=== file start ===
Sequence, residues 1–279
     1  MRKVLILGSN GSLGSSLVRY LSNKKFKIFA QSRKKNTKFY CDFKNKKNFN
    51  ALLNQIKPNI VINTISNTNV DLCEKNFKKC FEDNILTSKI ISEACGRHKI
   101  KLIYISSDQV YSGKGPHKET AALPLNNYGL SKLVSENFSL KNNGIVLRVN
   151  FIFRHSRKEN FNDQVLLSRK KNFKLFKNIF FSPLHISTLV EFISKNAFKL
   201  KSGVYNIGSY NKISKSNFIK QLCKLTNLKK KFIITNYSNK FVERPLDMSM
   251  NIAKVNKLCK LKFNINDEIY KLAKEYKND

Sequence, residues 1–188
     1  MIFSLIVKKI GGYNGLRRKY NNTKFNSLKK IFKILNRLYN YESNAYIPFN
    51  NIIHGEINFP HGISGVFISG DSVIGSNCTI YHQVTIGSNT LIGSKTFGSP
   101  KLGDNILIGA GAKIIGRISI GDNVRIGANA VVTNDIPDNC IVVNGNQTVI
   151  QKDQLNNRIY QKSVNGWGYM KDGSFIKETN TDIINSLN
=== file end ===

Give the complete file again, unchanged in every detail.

Sequence, residues 1–279
     1  MRKVLILGSN GSLGSSLVRY LSNKKFKIFA QSRKKNTKFY CDFKNKKNFN
    51  ALLNQIKPNI VINTISNTNV DLCEKNFKKC FEDNILTSKI ISEACGRHKI
   101  KLIYISSDQV YSGKGPHKET AALPLNNYGL SKLVSENFSL KNNGIVLRVN
   151  FIFRHSRKEN FNDQVLLSRK KNFKLFKNIF FSPLHISTLV EFISKNAFKL
   201  KSGVYNIGSY NKISKSNFIK QLCKLTNLKK KFIITNYSNK FVERPLDMSM
   251  NIAKVNKLCK LKFNINDEIY KLAKEYKND

Sequence, residues 1–188
     1  MIFSLIVKKI GGYNGLRRKY NNTKFNSLKK IFKILNRLYN YESNAYIPFN
    51  NIIHGEINFP HGISGVFISG DSVIGSNCTI YHQVTIGSNT LIGSKTFGSP
   101  KLGDNILIGA GAKIIGRISI GDNVRIGANA VVTNDIPDNC IVVNGNQTVI
   151  QKDQLNNRIY QKSVNGWGYM KDGSFIKETN TDIINSLN